Our Licensing team cover a variety of licence-related issues with both operators and personal management licence holders, mainly individuals and board members who oversee betting operators. The team, who are incredibly busy ensure that all licence conditions are being met and control the application and variation process which has recently moved to a much faster online portal. They also step in, working closely with our Compliance and Enforcement teams, when licensees don’t meet the Commission’s expectations.

What does a typical day look like for you and the Licensing team?

A typical day currently includes assessing licence applications and responding to requests and queries from operators. I am also continuing to develop my understanding of licensing whilst working closely with mentors, buddies, and my resource manager. I also take the time to catch up with my other new starter colleagues, and it’s great to be able to compare our experience in our new roles and what we are learning.

What work are you most proud of in your time at the Commission?

It’s still early days for me at the Commission, but I am most proud of successfully learning and negotiating my first four weeks of training and inductions via a multitude of skype calls! Getting to know a whole new bunch of colleagues has been great.

What are the biggest challenges the team faces in the future?

One challenge is that we need to be actively encouraging operators to make more use of the Commission website and e-services that we have available. This is particularly important in an increasingly digital age, there is a lot of content that operators are able to access instead of contacting the commission for help. It’s something we will continue to push and promote.

How are you planning to overcome them?

These challenges can be overcome by developing our relationships with operators and educating and encouraging them of the benefits of using the website and using our e-services. We are currently in the process of re-building and re-launching our website to make it accessible. It will be a great asset.

What are the key next steps you will be taking in the coming months to make gambling safer?

My relationships with operators mean we are on the same page and are willing to make gambling safer. Working toward the same outcome makes it a lot easier to achieve, and we are accomplishing this day by day. We can identify the higher risk operators and support and educate them with the aim of reducing the number of issues and service requests, thereby improving compliance whilst supporting timely prioritisation of work activities.

Abigail Down - Licensing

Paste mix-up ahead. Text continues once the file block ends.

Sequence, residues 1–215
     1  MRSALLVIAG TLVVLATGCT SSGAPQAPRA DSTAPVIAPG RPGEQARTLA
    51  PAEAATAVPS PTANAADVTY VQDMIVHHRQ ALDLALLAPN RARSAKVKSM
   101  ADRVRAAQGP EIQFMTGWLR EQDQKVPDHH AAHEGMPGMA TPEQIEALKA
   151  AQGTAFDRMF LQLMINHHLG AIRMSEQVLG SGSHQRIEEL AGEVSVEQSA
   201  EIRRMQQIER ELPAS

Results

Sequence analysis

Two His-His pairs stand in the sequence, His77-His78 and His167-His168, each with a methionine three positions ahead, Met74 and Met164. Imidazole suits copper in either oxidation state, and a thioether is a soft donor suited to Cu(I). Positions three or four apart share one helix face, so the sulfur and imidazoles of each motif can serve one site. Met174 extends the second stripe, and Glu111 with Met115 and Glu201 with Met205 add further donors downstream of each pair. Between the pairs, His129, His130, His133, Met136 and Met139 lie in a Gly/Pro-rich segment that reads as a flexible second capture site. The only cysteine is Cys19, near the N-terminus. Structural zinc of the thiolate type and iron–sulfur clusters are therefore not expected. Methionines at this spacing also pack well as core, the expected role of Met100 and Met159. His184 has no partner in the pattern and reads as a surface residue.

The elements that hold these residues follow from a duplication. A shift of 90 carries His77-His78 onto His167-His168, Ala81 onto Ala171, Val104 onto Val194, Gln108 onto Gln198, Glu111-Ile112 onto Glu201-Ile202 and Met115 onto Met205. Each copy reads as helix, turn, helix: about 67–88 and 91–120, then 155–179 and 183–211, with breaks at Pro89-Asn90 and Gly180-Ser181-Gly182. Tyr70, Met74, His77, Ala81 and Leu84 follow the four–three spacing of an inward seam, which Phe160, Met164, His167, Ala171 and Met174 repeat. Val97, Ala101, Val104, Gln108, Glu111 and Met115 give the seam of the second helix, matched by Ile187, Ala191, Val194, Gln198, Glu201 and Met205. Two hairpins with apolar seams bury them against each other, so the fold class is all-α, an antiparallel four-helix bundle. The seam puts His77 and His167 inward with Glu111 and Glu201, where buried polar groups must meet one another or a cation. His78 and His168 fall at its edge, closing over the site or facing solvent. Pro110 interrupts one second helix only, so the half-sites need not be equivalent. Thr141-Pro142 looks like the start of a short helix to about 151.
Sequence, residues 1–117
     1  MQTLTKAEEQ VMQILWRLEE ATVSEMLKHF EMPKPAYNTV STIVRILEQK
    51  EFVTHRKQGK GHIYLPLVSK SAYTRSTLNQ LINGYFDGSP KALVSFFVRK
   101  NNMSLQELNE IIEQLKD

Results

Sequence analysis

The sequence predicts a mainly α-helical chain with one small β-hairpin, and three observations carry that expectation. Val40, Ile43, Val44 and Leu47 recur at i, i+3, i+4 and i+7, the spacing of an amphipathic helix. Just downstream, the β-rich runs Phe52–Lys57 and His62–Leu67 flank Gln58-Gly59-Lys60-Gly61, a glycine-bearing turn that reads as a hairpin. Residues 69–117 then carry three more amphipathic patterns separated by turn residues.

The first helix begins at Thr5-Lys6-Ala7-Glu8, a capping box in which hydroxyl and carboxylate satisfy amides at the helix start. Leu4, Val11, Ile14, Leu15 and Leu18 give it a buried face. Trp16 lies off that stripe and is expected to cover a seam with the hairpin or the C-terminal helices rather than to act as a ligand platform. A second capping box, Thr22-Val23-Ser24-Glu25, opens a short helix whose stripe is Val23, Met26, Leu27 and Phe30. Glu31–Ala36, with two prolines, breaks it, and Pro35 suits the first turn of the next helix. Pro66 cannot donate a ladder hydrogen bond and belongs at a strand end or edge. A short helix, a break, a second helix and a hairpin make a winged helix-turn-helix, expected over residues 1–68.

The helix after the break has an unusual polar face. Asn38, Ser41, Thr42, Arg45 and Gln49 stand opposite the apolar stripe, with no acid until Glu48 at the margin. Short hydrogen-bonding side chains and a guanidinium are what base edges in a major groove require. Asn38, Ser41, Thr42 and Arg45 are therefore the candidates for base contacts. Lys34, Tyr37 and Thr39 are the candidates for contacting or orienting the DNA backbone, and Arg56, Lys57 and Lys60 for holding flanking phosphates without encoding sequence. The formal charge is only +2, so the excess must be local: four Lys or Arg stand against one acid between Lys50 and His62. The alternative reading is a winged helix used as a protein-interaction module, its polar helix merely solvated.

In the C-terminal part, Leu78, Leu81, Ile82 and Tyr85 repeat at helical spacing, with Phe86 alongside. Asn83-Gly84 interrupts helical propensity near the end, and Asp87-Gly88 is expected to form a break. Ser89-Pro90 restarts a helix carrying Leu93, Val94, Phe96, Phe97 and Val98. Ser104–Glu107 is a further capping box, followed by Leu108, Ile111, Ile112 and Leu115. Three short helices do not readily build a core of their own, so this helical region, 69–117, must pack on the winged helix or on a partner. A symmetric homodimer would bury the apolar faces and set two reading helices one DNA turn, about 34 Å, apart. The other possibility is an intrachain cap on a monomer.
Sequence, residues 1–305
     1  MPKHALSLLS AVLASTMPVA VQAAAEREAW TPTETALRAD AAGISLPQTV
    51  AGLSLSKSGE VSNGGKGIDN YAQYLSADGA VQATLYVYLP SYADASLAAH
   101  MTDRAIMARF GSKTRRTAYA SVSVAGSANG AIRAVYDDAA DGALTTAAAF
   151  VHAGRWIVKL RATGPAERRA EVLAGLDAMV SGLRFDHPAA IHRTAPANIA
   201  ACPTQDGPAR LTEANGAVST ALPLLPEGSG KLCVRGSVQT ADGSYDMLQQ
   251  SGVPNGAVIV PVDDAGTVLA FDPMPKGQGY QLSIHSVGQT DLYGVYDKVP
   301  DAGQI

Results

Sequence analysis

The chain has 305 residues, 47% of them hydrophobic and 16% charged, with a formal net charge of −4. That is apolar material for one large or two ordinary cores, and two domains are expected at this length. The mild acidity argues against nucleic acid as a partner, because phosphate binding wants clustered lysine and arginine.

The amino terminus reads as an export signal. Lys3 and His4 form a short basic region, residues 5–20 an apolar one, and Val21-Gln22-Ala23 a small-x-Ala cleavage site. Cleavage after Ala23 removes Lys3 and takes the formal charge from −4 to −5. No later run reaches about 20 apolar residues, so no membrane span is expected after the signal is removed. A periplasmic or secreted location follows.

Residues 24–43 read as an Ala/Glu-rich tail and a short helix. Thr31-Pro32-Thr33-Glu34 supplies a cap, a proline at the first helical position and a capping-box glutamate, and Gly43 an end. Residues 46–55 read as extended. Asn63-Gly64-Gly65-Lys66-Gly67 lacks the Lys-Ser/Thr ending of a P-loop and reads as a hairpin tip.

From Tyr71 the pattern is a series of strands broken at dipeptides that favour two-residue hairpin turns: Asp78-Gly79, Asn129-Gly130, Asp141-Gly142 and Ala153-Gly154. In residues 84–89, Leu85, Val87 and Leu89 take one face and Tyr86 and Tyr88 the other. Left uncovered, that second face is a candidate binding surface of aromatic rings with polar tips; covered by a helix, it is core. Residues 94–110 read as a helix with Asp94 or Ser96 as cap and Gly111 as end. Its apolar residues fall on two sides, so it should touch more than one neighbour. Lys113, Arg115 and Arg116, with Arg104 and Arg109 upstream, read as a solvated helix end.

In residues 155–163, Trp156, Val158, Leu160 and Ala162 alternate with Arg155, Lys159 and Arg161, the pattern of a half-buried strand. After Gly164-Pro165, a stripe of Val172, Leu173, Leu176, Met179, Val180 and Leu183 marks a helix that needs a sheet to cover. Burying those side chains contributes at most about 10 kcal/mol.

Abigail has recently joined the Commission and is a member of our Birmingham-based Licensing team. Before joining the Commission, Abbey spent most of her career in the UK’s retail banking sector.

Our Licensing team covers a wide variety of licence-related issues while working with both operators and personal management licence holders. The together with a wide programme of work, the team’s responsibilities include:

  • reviewing and approving applications for operating licenses and personal licenses
  • overlooking variations and changes to corporate control, and;
  • being the point of contact for licensees

The team’s role is largely as investigators, and they work in multi-disciplinary teams with colleagues in our Compliance and Enforcement departments to determine whether an operator or individual is suitable to be licenced.

For example, they are looking closely at the use of crypto-currencies and a number of cases where the source of funds is not clear. They also lead on licence reviews where there are concerns around changes in ownership.

What does a typical day look like for you and the Licensing team?

A key part of my role is to ensure our Licensing objectives are upheld and being followed by operators 100% of the time.

A typical day involves carefully balancing my time across supporting queries and notifications raised directly by operators. We have good relationships with them, and I have recently taken ownership of around 100 operator accounts - covering different licensed entities.

I have also been assigned two new Operating Licence applications, so my time is spent reviewing these applications against our assessment criteria to understand and decide if the applicant is suitable to be licensed. We must always be strict when looking through the detail of all applications to ensure people and their organisations are fit and proper to hold a licence with us.

What work are you most proud of in your time at the Commission?

I have found new ways of working during my time at the Commission and continue to try and adapt as we continue to work through these unprecedented times. Like many people, the Covid-19 situation has challenged me in a positive way and encouraged me to keep building better connections both internally and externally.